New Study: Strong Link Between Low IQ, Racism And Right-Wing
Gordon Hodson, a psychologist at Brock University in Ontario, Canada, served as lead researcher for a study that had some not so surprising results. According to his team’s findings, there is a significant positive correlation between prejudice, low intelligence, and social conservative ideology, reports LiveScience.
Not only are children with low IQs more likely to be prejudiced adults, Hodson uncovered a hidden bias that exposes the relationship between prejudice and conservatives:
The research finds that children with low intelligence are more likely to hold prejudiced attitudes as adults. These findings point to a vicious cycle. Low-intelligence adults tend to gravitate toward socially conservative ideologies, the study found. Those ideologies, in turn, stress hierarchy and resistance to change, attitudes that can contribute to prejudice, Hodson wrote in an e-mail to LiveScience.
Prejudice is extremely complex and multifaceted, making it critical that any factors contributing to bias are uncovered and understood.
Briain Nosek, a social and cognitive psychologist at the University of Virginia, believes that this study will trigger a storm of controversy:
They’ve pulled off the trifecta of controversial topics, said Brian Nosek, a social and cognitive psychologist at the University of Virginia who was not involved in the study. When one selects intelligence, political ideology, and racism and looks at any of the relationships between those three variables, it’s bound to upset somebody.
Interestingly, politics seemed to be the connecting force between “brains” and “bias.” The study found that the inability of children with low intelligence to understand and empathize with the perspective of others — especially those of different ethnicity and class — was a clear indication that they would embrace right-wing ideology:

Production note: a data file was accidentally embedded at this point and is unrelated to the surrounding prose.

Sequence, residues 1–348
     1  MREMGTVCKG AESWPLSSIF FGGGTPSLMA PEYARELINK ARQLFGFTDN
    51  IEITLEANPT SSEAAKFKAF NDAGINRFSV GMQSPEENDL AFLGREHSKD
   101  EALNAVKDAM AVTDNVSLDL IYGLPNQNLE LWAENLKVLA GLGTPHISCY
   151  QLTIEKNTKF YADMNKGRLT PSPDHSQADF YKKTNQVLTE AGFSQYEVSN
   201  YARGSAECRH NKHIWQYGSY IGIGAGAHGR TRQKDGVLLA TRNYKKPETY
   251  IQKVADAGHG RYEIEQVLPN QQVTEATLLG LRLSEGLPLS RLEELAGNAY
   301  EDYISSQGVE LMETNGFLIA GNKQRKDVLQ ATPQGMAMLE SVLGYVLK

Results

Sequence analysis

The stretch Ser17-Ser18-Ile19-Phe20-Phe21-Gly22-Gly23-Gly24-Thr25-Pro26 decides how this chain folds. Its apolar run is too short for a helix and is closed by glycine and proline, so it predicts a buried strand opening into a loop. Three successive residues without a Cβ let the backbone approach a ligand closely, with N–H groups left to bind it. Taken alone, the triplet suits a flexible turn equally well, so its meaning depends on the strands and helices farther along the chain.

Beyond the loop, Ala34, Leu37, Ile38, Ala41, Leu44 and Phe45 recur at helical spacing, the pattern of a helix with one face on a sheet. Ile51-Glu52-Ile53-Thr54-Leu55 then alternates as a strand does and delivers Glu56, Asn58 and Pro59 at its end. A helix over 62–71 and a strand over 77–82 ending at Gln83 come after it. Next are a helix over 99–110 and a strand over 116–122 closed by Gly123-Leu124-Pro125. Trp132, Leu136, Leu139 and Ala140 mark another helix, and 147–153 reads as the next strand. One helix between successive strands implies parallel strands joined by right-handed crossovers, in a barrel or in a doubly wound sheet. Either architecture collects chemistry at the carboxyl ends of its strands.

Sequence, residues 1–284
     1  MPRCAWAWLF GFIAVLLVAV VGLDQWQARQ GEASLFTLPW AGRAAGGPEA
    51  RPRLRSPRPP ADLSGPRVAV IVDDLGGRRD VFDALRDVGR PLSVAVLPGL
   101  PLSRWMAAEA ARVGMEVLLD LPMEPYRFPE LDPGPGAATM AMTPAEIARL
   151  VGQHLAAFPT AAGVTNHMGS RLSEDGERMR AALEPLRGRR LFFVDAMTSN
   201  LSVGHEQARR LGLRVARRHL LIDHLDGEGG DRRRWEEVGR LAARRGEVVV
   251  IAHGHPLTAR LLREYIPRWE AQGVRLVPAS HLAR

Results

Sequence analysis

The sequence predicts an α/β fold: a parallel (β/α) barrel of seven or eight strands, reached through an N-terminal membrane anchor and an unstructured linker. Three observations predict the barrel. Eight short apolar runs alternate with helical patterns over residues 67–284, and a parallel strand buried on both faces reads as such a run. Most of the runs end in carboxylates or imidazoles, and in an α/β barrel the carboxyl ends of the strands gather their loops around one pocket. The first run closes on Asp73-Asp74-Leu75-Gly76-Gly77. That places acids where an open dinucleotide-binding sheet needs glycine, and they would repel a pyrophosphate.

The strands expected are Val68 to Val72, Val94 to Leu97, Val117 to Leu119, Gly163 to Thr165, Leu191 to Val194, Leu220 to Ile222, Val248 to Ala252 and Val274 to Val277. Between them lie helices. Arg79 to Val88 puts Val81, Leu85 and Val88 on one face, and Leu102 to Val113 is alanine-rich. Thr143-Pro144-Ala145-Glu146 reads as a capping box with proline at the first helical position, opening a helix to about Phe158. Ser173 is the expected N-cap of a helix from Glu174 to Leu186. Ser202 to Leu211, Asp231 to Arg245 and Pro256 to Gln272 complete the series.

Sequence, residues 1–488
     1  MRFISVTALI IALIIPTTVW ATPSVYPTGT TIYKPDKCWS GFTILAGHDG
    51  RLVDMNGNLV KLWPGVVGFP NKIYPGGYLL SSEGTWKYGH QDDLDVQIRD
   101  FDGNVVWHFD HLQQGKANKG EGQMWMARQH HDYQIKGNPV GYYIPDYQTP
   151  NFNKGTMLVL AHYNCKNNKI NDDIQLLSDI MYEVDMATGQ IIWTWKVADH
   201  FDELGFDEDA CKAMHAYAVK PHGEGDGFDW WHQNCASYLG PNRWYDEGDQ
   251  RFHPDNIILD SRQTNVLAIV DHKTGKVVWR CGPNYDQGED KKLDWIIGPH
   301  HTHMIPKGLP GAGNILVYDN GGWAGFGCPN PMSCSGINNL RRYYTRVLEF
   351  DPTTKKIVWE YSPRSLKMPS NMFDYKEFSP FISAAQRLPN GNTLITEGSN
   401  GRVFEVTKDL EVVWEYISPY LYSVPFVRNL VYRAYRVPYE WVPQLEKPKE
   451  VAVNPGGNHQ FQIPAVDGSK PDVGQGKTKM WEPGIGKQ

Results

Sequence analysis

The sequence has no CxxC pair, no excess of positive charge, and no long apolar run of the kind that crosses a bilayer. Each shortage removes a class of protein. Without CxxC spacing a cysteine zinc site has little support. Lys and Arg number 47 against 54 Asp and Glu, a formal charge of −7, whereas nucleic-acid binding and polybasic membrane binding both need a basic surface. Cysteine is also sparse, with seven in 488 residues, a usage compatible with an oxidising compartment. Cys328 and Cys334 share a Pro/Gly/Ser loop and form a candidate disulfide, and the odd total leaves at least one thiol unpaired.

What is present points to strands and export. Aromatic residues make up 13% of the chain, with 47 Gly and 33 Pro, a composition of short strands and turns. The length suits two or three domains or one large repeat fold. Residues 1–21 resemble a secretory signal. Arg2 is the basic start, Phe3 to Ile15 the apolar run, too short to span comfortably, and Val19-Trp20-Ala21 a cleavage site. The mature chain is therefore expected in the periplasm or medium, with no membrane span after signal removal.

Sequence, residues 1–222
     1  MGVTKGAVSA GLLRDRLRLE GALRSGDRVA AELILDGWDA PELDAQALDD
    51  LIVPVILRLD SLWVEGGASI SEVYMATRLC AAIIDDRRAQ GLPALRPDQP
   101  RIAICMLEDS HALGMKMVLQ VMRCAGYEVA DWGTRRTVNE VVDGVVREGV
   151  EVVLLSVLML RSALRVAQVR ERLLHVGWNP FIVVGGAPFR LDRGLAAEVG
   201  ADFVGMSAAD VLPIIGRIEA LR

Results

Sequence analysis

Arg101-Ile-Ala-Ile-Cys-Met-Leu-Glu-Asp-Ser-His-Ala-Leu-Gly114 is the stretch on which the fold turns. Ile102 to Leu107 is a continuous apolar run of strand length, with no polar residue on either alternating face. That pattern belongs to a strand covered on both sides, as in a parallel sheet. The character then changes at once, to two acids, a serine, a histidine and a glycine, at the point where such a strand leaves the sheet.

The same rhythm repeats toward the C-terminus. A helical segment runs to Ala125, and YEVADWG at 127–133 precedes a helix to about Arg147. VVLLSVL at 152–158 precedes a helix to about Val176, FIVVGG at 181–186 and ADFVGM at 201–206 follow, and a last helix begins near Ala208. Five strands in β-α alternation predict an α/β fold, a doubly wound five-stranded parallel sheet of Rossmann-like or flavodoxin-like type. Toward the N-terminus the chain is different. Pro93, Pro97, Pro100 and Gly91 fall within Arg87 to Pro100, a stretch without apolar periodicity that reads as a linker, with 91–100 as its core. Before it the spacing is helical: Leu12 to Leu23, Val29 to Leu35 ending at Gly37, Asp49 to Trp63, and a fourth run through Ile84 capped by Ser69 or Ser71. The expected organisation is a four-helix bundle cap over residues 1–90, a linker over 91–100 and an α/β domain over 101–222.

Polling data and social and political science research do show that prejudice is more common in those who hold right-wing ideals that those of other political persuasions. The unique contribution here is trying to make some progress on the most challenging aspect of this,” Nosek said, referring to the new study. It’s not that a relationship like that exists, but why it exists.
The working definition for “social conservatives” for this study’s purposes relied upon participants’ agreement with statements such as:
‘Family life suffers if mum is working full-time,’ and ‘Schools should teach children to obey authority.’ Attitudes toward other races were captured by measuring agreement with statements such as, ‘I wouldn’t mind working with people from other races.’
Hodson is very clear that he doesn’t want people to think that he is characterizing all conservatives as unintelligent. He points to the example of men, in general, being taller than women — though there are some women who are taller than men — as evidence of the generality of the study.
My speculation is that it’s not as simple as their model presents it, Nosek said. I think that lower cognitive capacity can lead to multiple simple ways to represent the world, and one of those can be embodied in a right-wing ideology where ‘people I don’t know are threats’ and ‘the world is a dangerous place‘. … Another simple way would be to just assume everybody is wonderful.
In simplified terms for any conservatives that may be reading, this study seems to prove the popular wisdom that all Republicans may not be racists, but all racists are more than likely Republican.
It also begs the question, since many Democrats of color are social conservatives: Are their political perspectives also informed by prejudice — as this study suggests — or religion?
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